George and Mary Stewart, master gardeners in Houston, TX, are gone now - but they put a LOT of time and effort into selecting for quality and propagating this variety in the 1980's and '90's. Seeds are still available from various suppliers.

In my garden and in my opinion, for me at least - it has sure proved to be "Zeebest" okra!
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Old March 2, 2019   #36
Worth1
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Louisiana green velvet and long pod green are two of my other favorites.
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Old March 2, 2019   #37
MdTNGrdner
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Stewart's Zeebest is at the top of my "to try" list - I've heard good things about it!
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Old March 2, 2019   #38
Ozark
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For those interested, here's a link to a good article about how Stewart's Zeebest okra was developed.

http://masterofhort.com/2015/05/stew...tty-g-leander/
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Old March 2, 2019   #39
DonDuck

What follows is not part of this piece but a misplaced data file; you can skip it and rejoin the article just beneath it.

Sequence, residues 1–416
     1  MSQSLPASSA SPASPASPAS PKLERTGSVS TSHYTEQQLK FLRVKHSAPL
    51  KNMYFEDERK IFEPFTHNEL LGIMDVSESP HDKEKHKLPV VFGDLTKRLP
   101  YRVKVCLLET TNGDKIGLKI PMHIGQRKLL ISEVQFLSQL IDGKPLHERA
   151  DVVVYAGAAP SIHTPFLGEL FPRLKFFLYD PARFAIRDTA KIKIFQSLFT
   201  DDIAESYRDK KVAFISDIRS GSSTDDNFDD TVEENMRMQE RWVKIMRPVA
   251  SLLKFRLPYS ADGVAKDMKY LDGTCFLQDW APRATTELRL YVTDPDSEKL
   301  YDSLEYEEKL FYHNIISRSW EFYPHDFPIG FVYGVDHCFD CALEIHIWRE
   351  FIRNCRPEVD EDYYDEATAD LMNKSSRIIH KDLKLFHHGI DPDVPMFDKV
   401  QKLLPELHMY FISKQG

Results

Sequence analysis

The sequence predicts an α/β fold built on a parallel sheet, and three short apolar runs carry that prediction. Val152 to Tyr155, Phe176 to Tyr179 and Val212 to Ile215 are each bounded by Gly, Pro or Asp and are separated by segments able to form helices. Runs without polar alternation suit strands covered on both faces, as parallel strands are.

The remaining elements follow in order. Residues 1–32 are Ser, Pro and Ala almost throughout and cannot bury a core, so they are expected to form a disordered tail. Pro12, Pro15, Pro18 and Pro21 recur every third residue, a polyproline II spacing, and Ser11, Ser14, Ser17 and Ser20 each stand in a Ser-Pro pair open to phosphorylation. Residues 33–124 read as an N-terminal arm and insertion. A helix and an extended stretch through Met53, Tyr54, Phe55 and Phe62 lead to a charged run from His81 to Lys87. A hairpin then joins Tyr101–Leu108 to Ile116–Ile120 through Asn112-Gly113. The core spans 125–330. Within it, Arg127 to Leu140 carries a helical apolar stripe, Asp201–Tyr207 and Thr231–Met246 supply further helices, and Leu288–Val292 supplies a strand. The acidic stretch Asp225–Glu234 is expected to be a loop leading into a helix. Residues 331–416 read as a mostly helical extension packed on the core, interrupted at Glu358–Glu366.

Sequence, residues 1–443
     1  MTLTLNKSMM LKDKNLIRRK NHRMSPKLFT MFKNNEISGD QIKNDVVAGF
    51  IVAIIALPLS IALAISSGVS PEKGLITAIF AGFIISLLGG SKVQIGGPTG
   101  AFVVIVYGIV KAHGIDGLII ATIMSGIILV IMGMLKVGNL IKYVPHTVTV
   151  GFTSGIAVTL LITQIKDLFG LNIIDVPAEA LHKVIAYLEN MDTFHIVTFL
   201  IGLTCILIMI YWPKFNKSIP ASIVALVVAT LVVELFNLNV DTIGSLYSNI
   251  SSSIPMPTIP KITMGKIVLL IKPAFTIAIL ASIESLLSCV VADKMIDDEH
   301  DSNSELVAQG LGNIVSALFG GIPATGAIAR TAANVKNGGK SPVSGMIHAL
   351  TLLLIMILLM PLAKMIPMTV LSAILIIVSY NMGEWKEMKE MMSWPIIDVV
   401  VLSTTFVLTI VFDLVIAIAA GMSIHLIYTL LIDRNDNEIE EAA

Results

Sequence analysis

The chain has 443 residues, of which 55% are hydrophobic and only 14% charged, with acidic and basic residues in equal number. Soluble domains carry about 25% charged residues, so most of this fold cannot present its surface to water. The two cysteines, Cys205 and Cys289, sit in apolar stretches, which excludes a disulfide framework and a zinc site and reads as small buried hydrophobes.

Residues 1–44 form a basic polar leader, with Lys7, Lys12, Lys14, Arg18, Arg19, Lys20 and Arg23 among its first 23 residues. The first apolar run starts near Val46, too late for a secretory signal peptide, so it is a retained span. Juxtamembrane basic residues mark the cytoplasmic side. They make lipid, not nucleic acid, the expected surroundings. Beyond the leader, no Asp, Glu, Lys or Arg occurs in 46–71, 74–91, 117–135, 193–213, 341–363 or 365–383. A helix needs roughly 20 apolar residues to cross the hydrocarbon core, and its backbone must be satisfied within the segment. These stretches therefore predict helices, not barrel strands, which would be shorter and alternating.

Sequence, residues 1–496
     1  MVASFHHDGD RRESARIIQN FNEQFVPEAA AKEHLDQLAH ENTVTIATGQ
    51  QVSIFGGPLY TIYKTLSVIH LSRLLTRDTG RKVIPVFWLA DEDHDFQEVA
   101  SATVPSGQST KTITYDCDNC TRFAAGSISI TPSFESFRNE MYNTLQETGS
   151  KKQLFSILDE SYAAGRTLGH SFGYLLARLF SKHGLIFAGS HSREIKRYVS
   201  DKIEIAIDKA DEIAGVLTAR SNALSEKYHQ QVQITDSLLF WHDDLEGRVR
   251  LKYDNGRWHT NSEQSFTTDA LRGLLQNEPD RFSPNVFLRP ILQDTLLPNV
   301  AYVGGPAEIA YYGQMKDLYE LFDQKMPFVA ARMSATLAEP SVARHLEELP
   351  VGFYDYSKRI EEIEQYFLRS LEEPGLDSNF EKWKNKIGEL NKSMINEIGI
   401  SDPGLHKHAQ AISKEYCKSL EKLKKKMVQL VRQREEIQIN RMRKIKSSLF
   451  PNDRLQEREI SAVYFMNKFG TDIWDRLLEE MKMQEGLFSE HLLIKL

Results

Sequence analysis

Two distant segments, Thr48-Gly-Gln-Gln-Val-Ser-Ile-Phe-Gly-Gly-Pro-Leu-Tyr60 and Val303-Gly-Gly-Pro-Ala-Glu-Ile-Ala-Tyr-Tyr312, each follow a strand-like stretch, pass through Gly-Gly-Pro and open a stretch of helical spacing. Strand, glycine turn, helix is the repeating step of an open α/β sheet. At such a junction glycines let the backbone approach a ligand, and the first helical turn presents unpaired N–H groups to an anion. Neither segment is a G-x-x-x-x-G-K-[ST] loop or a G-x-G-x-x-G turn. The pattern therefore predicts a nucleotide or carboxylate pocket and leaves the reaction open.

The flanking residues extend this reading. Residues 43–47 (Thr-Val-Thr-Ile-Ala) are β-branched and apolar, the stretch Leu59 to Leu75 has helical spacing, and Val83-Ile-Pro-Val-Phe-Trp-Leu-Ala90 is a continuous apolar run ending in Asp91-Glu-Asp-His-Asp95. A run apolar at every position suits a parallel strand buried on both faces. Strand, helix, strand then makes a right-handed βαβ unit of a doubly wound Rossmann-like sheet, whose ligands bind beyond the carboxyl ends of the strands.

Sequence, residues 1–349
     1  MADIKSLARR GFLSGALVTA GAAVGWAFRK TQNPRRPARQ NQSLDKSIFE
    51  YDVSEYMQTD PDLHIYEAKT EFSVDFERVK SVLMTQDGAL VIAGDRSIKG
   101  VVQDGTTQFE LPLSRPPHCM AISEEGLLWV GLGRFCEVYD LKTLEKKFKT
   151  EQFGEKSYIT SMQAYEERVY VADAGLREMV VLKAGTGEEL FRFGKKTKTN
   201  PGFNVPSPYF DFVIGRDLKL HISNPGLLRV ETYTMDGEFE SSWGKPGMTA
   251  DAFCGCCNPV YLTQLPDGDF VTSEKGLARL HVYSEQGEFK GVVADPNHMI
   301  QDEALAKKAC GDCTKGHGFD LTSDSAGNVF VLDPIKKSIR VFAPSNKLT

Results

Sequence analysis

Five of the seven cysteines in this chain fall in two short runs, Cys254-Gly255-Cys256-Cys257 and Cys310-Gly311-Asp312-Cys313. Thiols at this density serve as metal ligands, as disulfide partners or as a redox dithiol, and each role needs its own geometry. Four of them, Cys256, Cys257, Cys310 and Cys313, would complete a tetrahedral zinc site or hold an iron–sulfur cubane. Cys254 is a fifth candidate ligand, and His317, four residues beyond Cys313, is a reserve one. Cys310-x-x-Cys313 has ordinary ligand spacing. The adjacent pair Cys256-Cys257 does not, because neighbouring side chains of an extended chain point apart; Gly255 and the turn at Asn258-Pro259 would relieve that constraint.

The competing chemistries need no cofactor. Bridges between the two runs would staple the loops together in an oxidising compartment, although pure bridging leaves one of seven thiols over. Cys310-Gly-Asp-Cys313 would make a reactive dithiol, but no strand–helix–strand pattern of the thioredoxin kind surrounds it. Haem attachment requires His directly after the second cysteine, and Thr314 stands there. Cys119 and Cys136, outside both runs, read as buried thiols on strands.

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Quote:
Originally Posted by MdTNGrdner View Post
Vladimir, the MMMM is great but why not try growing some this season? There's still plenty of time and I can send you seed, or you can request a particular variety in the wanted forum. I have Beck's Big Buck Horn and Jing Orange, which is both beautiful and delicious. I have a few others but am not sure the seed isn't crossed until I test it. Those two I'm sure of.

Edit: Don those two are offered to you as well!

Very kind offer! Thank you. I think this year, I will try the Choppee and Cowhorn due to a limited growing space. If they perform well, I may branch out with other varieties and more space next year.


I've always enjoyed eating okra, but I've always resisted the temptation to grow it. Every year, our daughter would remember her childhood days of sitting on the floor, watching the Cowboys play football; and eating fried okra. Every year, she has encouraged me to add okra to my garden.


Since I've decided to grow it this year, I have been doing some research and have discovered an okra loving community of gardeners who are as passionate about okra as some are about tomatoes. Maybe near the end of this summer, I can also be branded an "okrahead".